For many cameras, data on sensor performance has been reported by DXO Mark. This service assesses and scores the color depth ("DXO Portrait"), dynamic range ("DXO Landscape"), and low-light sensitivity ("DXO Sports") of camera sensors, and also publishes an overall camera score. The Overall DXO ratings for the two cameras under consideration are close, suggesting that they provide similar imaging performance. The adjacent table reports on the physical sensor characteristics and the outcomes of the DXO sensor quality tests for a sample of comparator-cameras.
|Canon SL1||APS-C||17.9||5184||3456||1080/30p||21.8||11.3||843||63||Canon SL1|
|Canon T4i||APS-C||17.9||5184||3456||1080/30p||21.7||11.2||722||62||Canon T4i|
|Canon T100||APS-C||17.9||5184||3456||1080/30p||21.9||11.4||695||63||Canon T100|
|Canon SL2||APS-C||24.0||6000||4000||1080/60p||23.6||13.4||1041||79||Canon SL2|
|Canon T6||APS-C||17.9||5184||3456||1080/30p||..||..||..||..||Canon T6|
|Canon M10||APS-C||17.9||5184||3456||1080/30p||22.2||11.4||753||65||Canon M10|
|Canon T6s||APS-C||24.0||6000||4000||1080/30p||22.6||12.0||915||70||Canon T6s|
|Canon T5||APS-C||17.9||5184||3456||1080/30p||21.9||11.3||724||63||Canon T5|
|Canon G16||1/1.7||12.0||4000||3000||1080/60p||21.0||11.7||230||54||Canon G16|
|Canon T5i||APS-C||17.9||5184||3456||1080/30p||21.7||11.2||681||61||Canon T5i|
|Canon M||APS-C||17.9||5184||3456||1080/30p||22.1||11.2||827||65||Canon M|
|Canon T3i||APS-C||17.9||5184||3456||1080/30p||22.1||11.5||793||65||Canon T3i|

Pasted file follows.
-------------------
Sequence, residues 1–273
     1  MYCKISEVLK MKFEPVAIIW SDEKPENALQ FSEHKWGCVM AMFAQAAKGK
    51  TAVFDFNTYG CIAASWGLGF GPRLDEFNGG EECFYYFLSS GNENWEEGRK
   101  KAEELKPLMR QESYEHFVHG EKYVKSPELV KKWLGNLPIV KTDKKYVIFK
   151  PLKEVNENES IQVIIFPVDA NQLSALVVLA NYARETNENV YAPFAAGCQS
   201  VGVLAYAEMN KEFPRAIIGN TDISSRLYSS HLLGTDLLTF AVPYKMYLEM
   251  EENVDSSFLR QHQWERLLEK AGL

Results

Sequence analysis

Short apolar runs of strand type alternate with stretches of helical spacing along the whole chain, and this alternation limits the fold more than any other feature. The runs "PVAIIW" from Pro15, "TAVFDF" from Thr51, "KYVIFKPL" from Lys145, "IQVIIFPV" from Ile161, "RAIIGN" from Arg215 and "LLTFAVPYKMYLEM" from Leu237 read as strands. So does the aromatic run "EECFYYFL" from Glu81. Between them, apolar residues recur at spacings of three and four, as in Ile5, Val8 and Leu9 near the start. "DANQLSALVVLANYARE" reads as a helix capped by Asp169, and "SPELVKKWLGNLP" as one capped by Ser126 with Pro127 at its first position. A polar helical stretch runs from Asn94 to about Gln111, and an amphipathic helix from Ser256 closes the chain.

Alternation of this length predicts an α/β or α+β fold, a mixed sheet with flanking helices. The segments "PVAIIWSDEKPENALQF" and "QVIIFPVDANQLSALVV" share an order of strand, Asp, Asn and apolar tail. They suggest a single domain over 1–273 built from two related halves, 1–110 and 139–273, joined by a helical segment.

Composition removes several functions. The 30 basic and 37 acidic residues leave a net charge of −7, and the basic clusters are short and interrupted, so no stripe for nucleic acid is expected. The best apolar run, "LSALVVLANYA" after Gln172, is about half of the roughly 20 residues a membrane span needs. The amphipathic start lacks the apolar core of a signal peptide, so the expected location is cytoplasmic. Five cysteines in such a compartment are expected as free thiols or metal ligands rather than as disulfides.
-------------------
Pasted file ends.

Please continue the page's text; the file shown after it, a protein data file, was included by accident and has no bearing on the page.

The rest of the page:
|Canon T2i||APS-C||17.9||5184||3456||1080/30p||22.1||11.5||784||66||Canon T2i|
Many modern cameras are not only capable of taking still images, but can also record movies. Both cameras under consideration have a sensor with sufficiently fast read-out times for moving pictures, and both provide the same movie specifications (1080/30p).
Apart from body and sensor, cameras can and do differ across a variety of features. The SL1 and the T4i are similar in the sense that both have an optical viewfinder. The latter is useful for getting a clear image for framing even in brightly lit environments. The viewfinders of both cameras offer the same field of view (95%), but the viewfinder of the SL1 has a higher magnification than the one of the T4i (0.54x vs 0.53x), so that the size of the image transmitted appears closer to the size seen with the naked human eye. The following table reports on some other key feature differences and similarities of the Canon SL1, the Canon T4i, and comparable cameras.